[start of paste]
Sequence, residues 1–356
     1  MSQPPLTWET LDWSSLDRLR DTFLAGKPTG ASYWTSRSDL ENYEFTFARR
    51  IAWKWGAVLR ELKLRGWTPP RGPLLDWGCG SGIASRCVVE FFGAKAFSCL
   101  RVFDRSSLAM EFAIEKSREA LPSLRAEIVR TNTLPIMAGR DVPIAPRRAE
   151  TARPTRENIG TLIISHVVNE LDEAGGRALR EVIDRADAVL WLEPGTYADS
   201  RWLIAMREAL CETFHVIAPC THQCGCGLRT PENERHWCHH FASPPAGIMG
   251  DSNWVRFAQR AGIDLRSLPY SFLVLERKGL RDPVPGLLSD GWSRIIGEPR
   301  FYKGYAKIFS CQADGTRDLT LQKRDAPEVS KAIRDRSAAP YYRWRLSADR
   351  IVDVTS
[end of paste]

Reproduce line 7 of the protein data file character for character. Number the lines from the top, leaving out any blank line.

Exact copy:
   251  DSNWVRFAQR AGIDLRSLPY SFLVLERKGL RDPVPGLLSD GWSRIIGEPR